Entrepreneurs and leaders face big questions every day: What’s the most important place to focus your effort, and how do you start? What will your idea look like in real life? How many meetings and discussions does it take before you can be sure you have the right solution?
Now there’s a surefire way to answer these important questions: the Design Sprint. Designer Jake Knapp created the five-day process at Google, where sprints were used on everything from Google Search to Google X. He joined Braden Kowitz and John Zeratsky at Google Ventures, and together they have completed more than a hundred sprints with companies in mobile, e-commerce, healthcare, finance, and more.
A practical guide to answering critical business questions, Sprint is a book for teams of any size, from small startups to Fortune 100s, from teachers to nonprofits. It’s for anyone with a big opportunity, problem, or idea who needs to get answers today.
The Design Sprint
The sprint is a five-day process for answering critical business questions through design, prototyping and testing ideas with customers. Developed at GV, it’s a “greatest hits” of business strategy, innovation, behavior science, design thinking, and more—packaged into a battle-tested process that any team can use.
Working together in a sprint, you can shortcut the endless debate cycle and compress months of time into a single week. Instead of waiting to launch a minimal product to understand if an idea is any good, you’ll get clear data from a realistic prototype. The sprint gives you a superpower: You can fast-forward into the future to see your finished product and customer reactions, before making any expensive commitments.
This page is a DIY guide for running your own sprint. On Monday, you’ll map out the problem and pick an important place to focus. On Tuesday, you’ll sketch competing solutions on paper. On Wednesday, you’ll make difficult decisions and turn your ideas into a testable hypotheses. On Thursday, you’ll hammer out a high-fidelity prototype. And on Friday, you’ll test it with real live humans.
The Design Sprint, day by day
On Monday, you make a map of the problem. On Tuesday, you sketch solutions. On Wednesday, you decide which sketches are strongest. On Thursday, you build a realistic prototype. And on Friday, you test that prototype with five target customers.
1. Set the Stage
Before the sprint begins, you’ve got to do some prep work. You need to have a big important challenge—something that’s worth five days of focused work. You need to recruit a team with diverse skills. And, of course, you need to find the right room and get the right materials.
2. How to pitch a Design Sprint
Of course, you may need to sell the idea of running a Design Sprint in the first place. If that’s the case, try sharing a quick overview of the process with the 90-second video, “Stop Brainstorming” post, and/or this page you’re looking at right now.
You also might help the team experience a structured meeting with a 30-60 minute Lightning Decision Jam exercise. It’s a great way to give teams a taste of the Design Sprint process before the full commitment.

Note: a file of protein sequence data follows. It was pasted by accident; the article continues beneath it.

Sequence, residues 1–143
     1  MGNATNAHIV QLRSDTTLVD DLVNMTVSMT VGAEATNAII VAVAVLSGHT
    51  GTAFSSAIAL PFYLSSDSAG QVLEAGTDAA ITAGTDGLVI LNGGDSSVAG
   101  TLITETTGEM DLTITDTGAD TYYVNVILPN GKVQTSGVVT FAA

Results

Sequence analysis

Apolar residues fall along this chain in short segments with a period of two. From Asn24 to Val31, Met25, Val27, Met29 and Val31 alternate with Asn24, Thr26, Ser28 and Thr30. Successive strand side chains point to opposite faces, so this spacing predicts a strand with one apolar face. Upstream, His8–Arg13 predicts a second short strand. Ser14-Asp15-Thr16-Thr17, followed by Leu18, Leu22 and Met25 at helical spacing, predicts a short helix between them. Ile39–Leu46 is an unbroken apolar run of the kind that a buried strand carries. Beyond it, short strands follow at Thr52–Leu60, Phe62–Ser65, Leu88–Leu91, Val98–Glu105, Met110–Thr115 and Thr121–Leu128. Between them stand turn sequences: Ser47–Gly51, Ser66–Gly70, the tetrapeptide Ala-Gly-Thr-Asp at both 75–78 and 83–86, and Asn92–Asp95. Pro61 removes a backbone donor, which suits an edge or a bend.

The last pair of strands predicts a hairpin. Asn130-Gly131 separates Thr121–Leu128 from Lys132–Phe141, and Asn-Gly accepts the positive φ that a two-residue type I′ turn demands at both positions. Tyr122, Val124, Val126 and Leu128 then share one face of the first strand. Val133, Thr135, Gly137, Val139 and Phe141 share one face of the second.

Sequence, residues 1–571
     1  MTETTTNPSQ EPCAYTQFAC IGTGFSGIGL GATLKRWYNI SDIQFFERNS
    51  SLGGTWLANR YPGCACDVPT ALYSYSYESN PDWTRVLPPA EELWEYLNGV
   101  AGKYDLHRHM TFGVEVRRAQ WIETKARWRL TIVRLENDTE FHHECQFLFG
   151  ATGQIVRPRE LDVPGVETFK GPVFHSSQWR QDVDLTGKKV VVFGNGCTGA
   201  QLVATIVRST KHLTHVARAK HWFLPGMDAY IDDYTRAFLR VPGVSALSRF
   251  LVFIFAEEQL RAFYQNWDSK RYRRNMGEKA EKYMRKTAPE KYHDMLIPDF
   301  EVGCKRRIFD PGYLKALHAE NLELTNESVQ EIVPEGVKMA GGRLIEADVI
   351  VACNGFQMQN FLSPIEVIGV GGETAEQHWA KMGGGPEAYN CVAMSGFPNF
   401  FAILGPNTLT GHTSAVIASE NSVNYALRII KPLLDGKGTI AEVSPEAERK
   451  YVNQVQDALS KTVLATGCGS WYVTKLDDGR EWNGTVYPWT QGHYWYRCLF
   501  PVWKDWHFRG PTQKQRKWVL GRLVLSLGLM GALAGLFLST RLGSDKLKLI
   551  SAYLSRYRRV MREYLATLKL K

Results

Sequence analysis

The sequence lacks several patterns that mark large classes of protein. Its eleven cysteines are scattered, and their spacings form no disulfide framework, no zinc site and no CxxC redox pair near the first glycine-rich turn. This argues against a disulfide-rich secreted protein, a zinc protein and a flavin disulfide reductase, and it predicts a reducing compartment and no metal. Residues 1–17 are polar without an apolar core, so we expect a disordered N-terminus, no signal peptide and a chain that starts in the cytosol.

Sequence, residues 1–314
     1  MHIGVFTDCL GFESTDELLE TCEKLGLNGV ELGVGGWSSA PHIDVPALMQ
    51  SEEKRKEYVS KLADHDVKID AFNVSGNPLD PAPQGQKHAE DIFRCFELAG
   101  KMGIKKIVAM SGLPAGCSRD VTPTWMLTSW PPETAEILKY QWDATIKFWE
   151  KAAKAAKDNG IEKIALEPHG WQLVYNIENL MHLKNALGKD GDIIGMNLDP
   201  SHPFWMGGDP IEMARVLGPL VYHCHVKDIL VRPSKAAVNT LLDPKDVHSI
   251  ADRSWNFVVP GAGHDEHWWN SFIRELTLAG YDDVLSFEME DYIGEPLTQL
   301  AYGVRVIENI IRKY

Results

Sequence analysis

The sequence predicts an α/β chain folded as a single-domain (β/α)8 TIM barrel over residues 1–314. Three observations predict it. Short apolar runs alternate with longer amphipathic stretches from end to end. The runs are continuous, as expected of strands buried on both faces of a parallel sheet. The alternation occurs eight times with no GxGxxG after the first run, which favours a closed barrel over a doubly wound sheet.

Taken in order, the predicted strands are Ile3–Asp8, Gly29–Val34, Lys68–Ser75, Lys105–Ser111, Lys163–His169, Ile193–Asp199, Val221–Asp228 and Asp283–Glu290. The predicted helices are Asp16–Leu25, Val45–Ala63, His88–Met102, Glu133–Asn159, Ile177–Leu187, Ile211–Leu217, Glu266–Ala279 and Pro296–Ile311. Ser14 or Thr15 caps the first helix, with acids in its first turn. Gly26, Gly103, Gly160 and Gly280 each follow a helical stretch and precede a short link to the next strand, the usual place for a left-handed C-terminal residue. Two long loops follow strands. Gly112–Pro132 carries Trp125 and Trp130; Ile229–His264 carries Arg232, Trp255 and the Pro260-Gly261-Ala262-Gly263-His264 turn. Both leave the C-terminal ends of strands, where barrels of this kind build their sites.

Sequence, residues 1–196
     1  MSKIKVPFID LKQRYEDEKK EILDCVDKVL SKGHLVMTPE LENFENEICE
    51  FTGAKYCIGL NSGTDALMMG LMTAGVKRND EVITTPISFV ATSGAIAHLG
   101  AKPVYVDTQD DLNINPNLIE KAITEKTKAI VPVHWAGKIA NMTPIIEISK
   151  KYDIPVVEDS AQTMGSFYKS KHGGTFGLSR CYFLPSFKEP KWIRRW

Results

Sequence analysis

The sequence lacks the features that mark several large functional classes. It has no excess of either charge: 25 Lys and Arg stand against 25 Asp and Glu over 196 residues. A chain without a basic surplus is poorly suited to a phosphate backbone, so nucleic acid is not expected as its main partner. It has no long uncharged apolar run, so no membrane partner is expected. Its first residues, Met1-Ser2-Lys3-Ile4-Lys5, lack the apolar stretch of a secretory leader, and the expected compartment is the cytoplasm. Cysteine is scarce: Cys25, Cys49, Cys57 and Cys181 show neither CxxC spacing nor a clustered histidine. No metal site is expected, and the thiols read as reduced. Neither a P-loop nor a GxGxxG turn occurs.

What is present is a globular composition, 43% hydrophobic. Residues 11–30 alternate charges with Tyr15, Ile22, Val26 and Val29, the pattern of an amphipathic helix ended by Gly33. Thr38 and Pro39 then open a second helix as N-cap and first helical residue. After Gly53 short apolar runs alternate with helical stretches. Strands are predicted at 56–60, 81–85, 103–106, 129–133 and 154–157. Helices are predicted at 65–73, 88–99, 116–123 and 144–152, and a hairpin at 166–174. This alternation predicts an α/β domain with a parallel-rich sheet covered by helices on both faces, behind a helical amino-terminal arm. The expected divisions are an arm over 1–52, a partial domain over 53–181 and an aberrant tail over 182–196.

Or you could just drop some names: In addition to Google, Design Sprints have been run by teams at Slack, Uber, Airbnb, Medium, Dropbox, Facebook, McKinsey, IDEO, LEGO, the United Nations, the New York Times, and many, many more.
Most importantly, get timing and tone right. Make sure the team is starting a big challenge and it’s an opportune moment to sprint. And offer the Design Sprint as a way to be helpful with solving that challenge. If the timing isn’t right, don’t force it. If you’re patient and helpful, the time will come.
Monday is a series of structured conversations to build a foundation—and a focus—for the sprint week. The structure allows the team to “boot up” as much information as quickly as possible while preventing the usual meandering conversations.
In the morning, you’ll define key questions and a long-term goal. Next, you’ll make a simple map of your product or service. In the afternoon, you’ll ask the experts on your team to share what they know. Finally, you’ll pick a target: the moment on the map that represents the greatest risk and/or opportunity.
Tuesday is all about solving the problem, using a method optimized for deep thinking. Instead of a typical group brainstorm, every individual will sketch their own detailed, opinionated solutions, following a four-step process that emphasizes critical thinking over artistry.
By Wednesday morning, you and your team will have a stack of solutions. Now, you have to decide which of those sketches should be prototyped and tested.
Instead of an endless debate or a watered-down group decision nobody’s happy with, you’ll use the five-step “Sticky Decision” method to identify the best solutions before turning the final decision over to your Decider. Then, in the afternoon, you’ll take the winning scenes from your sketches and combine them into a storyboard: a step-by-step plan for your prototype.
On Thursday, you’ll build a realistic prototype of the solutions in your storyboard so you can simulate a finished product for your customers. Design Sprint prototyping is all about a “fake it till you make it” philosophy: With a realistic-looking prototype, you’ll get the best possible data from Friday’s test, and you’ll learn whether you’re on the right track.
It’s time to put that prototype to the test! On Friday, you’ll show your prototype to five customers in five separate, 1:1 interviews. Instead of waiting for a launch to get perfect data, you’ll have quick-and-dirty answers to your most pressing questions right away.
Want to learn more about Design Sprint? Check this out Sprint